Ministers with nothing to minister

Two Ha'aretz columns on the Israeli occupation: the first looks at why there is no Palestinian "partner" for the Israeli government's "peace" plans:
More moderate rightists, such as Ehud Olmert, propose that the Jews [sic; i.e., the Israelis] relinquish a small portion of the lands of Judea and Samaria [i.e., the West Bank], based on a formula of "maximum land, minimum Arabs." As far as they are concerned, the Palestinians can term the enclaves that remain under their control "a state." They will be first in line to recognize it.

Olmert, like Sharon before him, proposes a 25-year life span for the temporary state, with the final-status agreement to be based solely on UN Resolution 242. Olmert is correct in saying there is no Palestinian partner for an agreement with Israel - if he means an agreement for the establishment of "a temporary state" that would leave Israel in control of some 42 percent of the West Bank. This is the extent of the Palestinian territory that, in accordance with the Likud's plan, will remain outside of the separation fence on completion of the project... .
The second concerns the farce that is the Palestinian Authority:
If the leaders of the Palestinian Authority had been blessed with a greater measure of self-respect, readiness for personal sacrifice and political audacity, they would have long since declared the PA liquidated and left all the responsibility solely in Israel's hands.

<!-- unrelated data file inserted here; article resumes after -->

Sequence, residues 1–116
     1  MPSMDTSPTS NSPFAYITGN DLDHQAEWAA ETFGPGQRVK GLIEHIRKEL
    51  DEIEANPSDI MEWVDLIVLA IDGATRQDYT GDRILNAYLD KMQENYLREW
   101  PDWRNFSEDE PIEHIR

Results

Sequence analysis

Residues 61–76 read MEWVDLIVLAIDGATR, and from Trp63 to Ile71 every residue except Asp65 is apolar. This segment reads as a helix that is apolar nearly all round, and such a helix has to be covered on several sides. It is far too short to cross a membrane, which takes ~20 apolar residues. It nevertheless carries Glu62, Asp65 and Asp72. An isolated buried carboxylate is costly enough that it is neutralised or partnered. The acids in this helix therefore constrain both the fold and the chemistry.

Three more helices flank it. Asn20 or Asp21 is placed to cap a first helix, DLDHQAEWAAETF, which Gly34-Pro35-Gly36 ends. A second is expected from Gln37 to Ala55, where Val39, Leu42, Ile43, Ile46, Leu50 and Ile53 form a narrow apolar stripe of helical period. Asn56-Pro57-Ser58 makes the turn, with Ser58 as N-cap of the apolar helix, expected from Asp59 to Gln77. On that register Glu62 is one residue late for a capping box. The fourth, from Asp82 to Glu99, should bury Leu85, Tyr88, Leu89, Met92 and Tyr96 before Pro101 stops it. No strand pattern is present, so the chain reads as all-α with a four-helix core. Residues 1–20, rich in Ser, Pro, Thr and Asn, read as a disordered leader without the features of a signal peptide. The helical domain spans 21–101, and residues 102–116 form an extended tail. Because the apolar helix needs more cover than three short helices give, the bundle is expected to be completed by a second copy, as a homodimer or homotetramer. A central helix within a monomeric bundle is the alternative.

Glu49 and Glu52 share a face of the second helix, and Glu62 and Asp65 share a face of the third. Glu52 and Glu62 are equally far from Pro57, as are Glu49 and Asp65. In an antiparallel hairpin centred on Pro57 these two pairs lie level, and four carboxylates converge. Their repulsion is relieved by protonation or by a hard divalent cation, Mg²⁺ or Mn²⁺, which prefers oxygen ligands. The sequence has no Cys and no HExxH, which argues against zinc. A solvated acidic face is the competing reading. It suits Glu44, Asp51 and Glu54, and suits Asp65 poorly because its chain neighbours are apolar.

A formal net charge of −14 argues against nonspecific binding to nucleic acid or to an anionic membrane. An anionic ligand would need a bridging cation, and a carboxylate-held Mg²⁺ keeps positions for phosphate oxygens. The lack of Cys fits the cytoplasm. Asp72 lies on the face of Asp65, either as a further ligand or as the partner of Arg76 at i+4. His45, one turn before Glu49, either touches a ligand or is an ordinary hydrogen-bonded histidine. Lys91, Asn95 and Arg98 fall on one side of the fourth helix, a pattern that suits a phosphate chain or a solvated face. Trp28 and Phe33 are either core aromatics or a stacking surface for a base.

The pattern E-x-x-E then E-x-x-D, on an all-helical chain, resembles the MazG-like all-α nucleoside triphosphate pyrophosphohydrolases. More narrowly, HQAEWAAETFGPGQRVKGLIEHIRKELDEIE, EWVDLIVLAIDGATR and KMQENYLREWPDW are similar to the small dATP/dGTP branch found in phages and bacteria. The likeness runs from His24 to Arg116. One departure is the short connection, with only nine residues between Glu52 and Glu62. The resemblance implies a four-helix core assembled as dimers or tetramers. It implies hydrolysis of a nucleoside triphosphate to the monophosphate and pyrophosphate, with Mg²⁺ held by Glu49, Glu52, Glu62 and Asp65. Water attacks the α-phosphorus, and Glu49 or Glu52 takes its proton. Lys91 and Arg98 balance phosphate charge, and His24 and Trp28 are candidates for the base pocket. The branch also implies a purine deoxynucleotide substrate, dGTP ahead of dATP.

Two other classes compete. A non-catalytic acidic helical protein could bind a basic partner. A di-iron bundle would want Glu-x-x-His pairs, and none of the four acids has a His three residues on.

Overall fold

Is the Palestinian minister of internal security capable of seeing to the security of even one Palestinian in the face of the assassinations, the helicopters, the soldiers and the troops who burst into homes in the middle of the night? Is the health minister capable of seeing to the health of his nationals, when every soldier at every checkpoint can delay ambulances and patients and when the cities and villages are under lengthy curfew? And what can the agriculture minister do when settlers cut down and uproot hundreds of olive trees without interference or prevent the harvesting of the olives, and when the Israeli army defoliates thousands of dunams of fields and vineyards? And how will the minister of labor ensure jobs for the people, when they cannot even leave their places of residence? What can the transportation minister do when his country is strewn with checkpoints and the Israel Defense
[sic]Forces is the exclusive sovereign that decides which roads are for Jews only and which Palestinian bus lines will be allowed to operate? The list goes on and on.
This supports my argument that the best political strategy for the Palestinians to adopt at this point is to drop the demand for a separate state and ask for the vote.

(Second link via Antiwar.com)

This page is powered by Blogger. Isn't yours?